|To meet the rising demand, many banks are offering preferential loan packages to attract customers. — Photo cafef.vn
HA NOI (VNS) — Commercial banks and financial companies are fiercely competing for a slice of the profitable personal loans market as demand often rises sharply at the end of the year.
Industry insiders said the period between December till the Tet (Lunar New Year) holiday that falls on February 8, 2016 was always the most popular period for personal loans, as Vietnamese people required money for home repair and purchase, shopping and car purchases.
To meet the rising demand, many banks are offering preferential loan packages to attract customers.
VietBank is marketing home purchase loans at an annual preferential interest rate of eight to nine per cent for the first year.
An Binh Bank, for example, is offering loans for car purchase at an annual preferential interest rate of 7.49 per cent.
Viet Capital Bank is even offering loans at just 6.8 per cent interest per year to customers who want to buy vehicles for production and business. At Sacombank, the annual rate is 7.5 per cent for the first year.
Many banks are also co-operating with production, trading and service firms to offer preferential programmes to customers who pay with credit cards.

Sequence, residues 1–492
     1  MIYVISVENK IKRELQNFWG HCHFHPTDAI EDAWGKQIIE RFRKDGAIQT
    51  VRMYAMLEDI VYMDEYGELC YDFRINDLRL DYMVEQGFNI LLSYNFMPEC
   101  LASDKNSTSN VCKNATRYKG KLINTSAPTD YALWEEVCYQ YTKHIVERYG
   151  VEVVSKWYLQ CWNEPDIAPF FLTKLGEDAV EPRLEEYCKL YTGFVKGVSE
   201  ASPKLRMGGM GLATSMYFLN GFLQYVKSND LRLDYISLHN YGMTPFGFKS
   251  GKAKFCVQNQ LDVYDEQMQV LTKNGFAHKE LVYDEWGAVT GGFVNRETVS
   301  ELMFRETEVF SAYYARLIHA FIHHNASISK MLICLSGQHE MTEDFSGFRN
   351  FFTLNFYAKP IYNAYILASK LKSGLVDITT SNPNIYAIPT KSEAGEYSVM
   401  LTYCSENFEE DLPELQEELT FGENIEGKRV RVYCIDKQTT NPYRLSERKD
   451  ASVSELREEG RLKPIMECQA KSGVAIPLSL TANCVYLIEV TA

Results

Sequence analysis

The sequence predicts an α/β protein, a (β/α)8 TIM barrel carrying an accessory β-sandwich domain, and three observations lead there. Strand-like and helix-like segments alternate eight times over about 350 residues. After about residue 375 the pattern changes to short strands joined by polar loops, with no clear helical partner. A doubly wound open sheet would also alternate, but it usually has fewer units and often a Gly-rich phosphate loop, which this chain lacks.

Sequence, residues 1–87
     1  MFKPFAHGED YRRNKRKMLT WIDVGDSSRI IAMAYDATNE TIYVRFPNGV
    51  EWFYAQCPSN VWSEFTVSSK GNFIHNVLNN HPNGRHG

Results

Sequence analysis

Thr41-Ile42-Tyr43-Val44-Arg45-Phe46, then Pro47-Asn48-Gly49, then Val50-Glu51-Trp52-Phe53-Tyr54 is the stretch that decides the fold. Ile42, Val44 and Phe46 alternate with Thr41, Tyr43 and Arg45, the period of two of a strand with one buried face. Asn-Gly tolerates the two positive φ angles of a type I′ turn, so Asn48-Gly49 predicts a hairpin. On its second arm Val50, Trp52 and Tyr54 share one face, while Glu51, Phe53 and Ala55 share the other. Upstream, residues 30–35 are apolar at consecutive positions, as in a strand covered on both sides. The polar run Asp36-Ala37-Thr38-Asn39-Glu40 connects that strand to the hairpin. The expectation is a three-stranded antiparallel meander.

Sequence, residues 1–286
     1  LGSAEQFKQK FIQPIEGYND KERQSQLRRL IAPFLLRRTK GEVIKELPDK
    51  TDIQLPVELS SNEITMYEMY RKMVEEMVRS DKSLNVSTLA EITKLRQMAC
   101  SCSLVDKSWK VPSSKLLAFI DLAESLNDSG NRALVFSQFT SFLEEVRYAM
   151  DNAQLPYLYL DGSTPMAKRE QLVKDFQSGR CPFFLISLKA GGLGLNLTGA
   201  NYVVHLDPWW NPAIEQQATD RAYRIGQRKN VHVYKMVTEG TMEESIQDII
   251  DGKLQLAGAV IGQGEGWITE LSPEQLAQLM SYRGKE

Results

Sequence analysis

Some lenders have even introduced personal loans worth VND20 million to VND500 million (US$890-$2,230) for consumption purposes, with there being no need for borrowers to mortgage their assets.
Experts said this upward trend would continue till the Tet holiday. Banks would try to lure customers with low interest rates, especially for mortgage and real estate loans.
According to the State Bank of Viet Nam, outstanding consumer loans as of the end of the third quarter surged 31.4 per cent against December 2014. The amount accounted for eight per cent of the country's total outstanding loans.
Dang Ngoc Tu, vice-head of the National Financial Supervisory Commission's policy research and co-ordination department, said the domestic consumer loans market had a lot of potential as Viet Nam has 37.8 million people with stable income, of which 30 per cent would be eligible for consumer loans.
The Viet Nam Banks Association also estimated that consumer lending could account for 10 per cent of the GDP, or more than $10 billion per year, in the next five years.
However, experts said to attract more customers in the long run, lenders needed to improve their technology, hire quality employees, diversify channels and focus on risk management. — VNS